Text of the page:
Dancing with the Stars
Danielle Culver Hits Her Stride in the Dressage Ring
The beautiful bay horse and its rider pranced into the ring to a musical composition of “Nightwish” and “Pirates of the Caribbean.” Known as a freestyle or “Kur,” they were competing in an age-old sport known as dressage where riderand horse present movements of beauty and grace as a team.
In the saddle was 18-year-old Danielle Culver, who is taking this specialized world in stride as she pursues studies at Sonoma State University in Studio Art. For the past 12 years, this Colorado native worked consistently with her dancing “team” — horses Florian and Gandalf — to pursue her love of this classic equestrian sport that is sometimes described as “horse ballet.”
Culver is the top rider in her region and made the team for the 2007 North American Junior/ Young Rider Championships in Lexington, Virginia. She was the 2007 3rd level Champion and 3rd level Freestyle Champion for the United State Dressage Federation (USDF) and the 2005 USDF 1st level Freestyle Champion.
Created hundreds of years ago by the aristocracies of Europe, dressage is the art of training a horse in obedience and precision of movement so that it is able to execute a series of complex maneuvers guided only by slight movements of the rider. Practitioners of this specialized art in the United States are equestrians whose trainers are most often found in California and Florida. Culver can be found every day in the hills north of the campus where her two horses are now boarded. She is studying and perfecting her art at Fairwind Farm on Crane Canyon Road in Santa Rosa. It is owned by lifelong friends of the Culver family, Sue Curry Shaffer and Dyke Shaffer. Fairwind Farm hosts international caliber riders and trainers.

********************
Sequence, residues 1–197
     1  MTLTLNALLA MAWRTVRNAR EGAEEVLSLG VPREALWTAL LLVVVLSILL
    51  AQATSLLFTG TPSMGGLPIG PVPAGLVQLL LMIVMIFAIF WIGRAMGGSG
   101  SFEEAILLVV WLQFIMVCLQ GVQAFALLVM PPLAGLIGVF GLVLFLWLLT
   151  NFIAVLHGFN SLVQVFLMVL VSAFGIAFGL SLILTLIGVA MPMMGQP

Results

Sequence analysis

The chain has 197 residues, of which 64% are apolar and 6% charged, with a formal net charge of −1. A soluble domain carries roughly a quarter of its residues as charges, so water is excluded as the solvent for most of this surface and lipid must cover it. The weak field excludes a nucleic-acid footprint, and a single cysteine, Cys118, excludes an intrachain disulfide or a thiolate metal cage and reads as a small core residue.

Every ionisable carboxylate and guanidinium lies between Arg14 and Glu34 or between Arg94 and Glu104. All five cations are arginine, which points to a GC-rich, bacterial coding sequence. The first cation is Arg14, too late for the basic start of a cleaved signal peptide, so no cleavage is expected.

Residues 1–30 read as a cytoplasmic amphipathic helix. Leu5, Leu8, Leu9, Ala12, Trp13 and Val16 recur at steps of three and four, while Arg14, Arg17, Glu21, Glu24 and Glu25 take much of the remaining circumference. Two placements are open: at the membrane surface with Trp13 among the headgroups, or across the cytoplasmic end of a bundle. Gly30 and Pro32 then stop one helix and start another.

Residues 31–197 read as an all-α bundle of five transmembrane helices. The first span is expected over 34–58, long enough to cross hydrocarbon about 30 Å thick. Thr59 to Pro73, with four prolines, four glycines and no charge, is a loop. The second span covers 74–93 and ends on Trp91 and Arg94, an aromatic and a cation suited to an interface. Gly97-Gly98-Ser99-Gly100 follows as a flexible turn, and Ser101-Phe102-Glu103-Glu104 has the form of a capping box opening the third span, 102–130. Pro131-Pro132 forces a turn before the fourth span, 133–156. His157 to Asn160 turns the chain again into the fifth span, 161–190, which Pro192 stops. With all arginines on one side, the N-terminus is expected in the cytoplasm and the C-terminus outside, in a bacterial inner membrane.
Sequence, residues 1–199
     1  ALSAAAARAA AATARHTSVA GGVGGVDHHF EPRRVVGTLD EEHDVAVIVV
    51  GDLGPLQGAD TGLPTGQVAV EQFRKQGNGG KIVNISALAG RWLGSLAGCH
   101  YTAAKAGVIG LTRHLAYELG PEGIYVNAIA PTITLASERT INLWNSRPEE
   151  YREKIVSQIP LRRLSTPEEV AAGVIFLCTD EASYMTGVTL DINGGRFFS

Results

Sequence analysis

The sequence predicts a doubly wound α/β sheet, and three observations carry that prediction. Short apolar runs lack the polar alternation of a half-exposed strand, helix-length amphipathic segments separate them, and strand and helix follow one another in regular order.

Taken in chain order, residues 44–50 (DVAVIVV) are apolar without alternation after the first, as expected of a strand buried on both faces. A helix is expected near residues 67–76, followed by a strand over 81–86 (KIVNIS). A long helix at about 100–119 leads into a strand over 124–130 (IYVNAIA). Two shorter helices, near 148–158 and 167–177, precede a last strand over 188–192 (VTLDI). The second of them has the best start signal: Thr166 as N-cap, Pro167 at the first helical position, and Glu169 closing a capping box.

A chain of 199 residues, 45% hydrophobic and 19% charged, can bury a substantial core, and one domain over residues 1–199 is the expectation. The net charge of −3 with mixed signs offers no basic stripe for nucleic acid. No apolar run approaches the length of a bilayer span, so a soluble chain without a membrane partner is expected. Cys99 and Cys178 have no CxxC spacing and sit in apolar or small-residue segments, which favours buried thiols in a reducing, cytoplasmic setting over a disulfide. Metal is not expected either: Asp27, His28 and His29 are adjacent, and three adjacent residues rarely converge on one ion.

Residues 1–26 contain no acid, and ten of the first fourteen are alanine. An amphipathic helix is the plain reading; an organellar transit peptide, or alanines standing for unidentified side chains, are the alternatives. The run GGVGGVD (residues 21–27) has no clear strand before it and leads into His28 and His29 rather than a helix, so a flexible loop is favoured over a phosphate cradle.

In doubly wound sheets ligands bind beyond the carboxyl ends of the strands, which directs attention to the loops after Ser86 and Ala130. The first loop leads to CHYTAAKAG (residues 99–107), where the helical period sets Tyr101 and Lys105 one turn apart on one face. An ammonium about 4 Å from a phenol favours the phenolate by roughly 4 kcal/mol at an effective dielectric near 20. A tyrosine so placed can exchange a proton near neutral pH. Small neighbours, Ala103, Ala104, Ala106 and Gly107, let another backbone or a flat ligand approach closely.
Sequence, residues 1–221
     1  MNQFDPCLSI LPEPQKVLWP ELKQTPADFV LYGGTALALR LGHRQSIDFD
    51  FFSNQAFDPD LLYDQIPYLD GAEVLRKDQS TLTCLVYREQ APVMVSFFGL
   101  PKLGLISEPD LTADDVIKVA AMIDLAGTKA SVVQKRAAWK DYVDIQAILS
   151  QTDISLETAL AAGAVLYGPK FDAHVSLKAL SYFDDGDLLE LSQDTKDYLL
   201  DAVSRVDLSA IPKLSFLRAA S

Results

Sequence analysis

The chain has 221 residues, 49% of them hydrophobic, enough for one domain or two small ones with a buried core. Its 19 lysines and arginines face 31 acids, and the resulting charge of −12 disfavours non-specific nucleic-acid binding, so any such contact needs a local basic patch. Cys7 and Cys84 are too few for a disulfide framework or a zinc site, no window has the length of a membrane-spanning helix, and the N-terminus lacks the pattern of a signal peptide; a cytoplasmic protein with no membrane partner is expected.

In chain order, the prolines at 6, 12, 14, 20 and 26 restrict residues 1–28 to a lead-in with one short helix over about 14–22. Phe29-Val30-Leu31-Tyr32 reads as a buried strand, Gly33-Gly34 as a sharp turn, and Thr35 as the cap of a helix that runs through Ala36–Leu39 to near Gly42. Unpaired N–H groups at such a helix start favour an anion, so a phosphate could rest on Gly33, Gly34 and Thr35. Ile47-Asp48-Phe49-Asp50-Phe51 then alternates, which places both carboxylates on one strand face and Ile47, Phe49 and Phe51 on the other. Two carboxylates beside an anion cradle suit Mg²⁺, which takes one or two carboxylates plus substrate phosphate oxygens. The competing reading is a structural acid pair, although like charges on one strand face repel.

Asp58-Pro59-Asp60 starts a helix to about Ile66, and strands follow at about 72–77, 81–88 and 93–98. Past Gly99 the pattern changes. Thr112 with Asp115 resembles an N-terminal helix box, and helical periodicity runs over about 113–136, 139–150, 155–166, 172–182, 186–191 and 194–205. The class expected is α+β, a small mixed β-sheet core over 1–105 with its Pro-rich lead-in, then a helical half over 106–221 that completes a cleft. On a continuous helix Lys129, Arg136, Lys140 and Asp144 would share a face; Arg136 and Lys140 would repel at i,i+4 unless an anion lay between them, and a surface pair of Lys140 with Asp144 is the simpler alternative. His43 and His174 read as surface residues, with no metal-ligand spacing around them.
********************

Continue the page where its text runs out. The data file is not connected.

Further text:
Sue Curry Shaffer has been a registered United States Equestrian Foundation dressage judge since 1977. For the past three decades she has specialized in training young riders resulting in much success. “I think Danielle has the ability and certainly the drive to become one of the best. She is dedicated and hard-working which is a must for this rigorous sport,” Shaffer says.
Culver feels that the equestrian spirit runs in her blood. Her mother, Jan Culver, competed in barrel-racing, a Western-style of show competition. It was her influence that led the SSU freshman began riding at the age of six.
This year, she is working with Florian, a handsome bay Westphalian (German Sport Horse), trying to build his muscles and strength so they can move up to the next level of competition. Culver is in training as well, learning how to develop a strong relationship with the horse so both will perform better. This is the heart of dressage.
“Gandalf and Florian are not just horses. They are family members and all of my family respects that,” says Culver. “It takes a daily effort to get my horse and me in tandem for the requirements of performance. It is a relationship of trust and faith. I not only feed, train, and care for their health, I shower them with TLC. It’s the best.” Gandalf, a black Friesian, was injured in May 2006, just before the upcoming season. She thought he would recover soon, but it was not to be. She still continues to ride Gandalf, even though he is no longer training for competition.
During the 2006 show season, while Gandalf was recovering, Culver was invited to be a working student in Sweden. It was there that she trained with Kristian Von Konsternia, a member of the Swedish Equestrian Team. He urged her to continue her dream, so she returned to Sweden a year ago and imported Florian for competition. He stands 17.2 hands high. With Danielle, who is 5’10, they are an impressive team.
Culver has set many goals for herself. She hopes to become a professional trainer, as well as reach the Olympics and other high-level competitions, including the World Cup. “I want to be well known in the world of dressage,” she says.
Her next goal is to continue her studies at SSU, moving toward graduation and to qualify for the 2008 North American Junior Young rider championships in Parker, Colorado.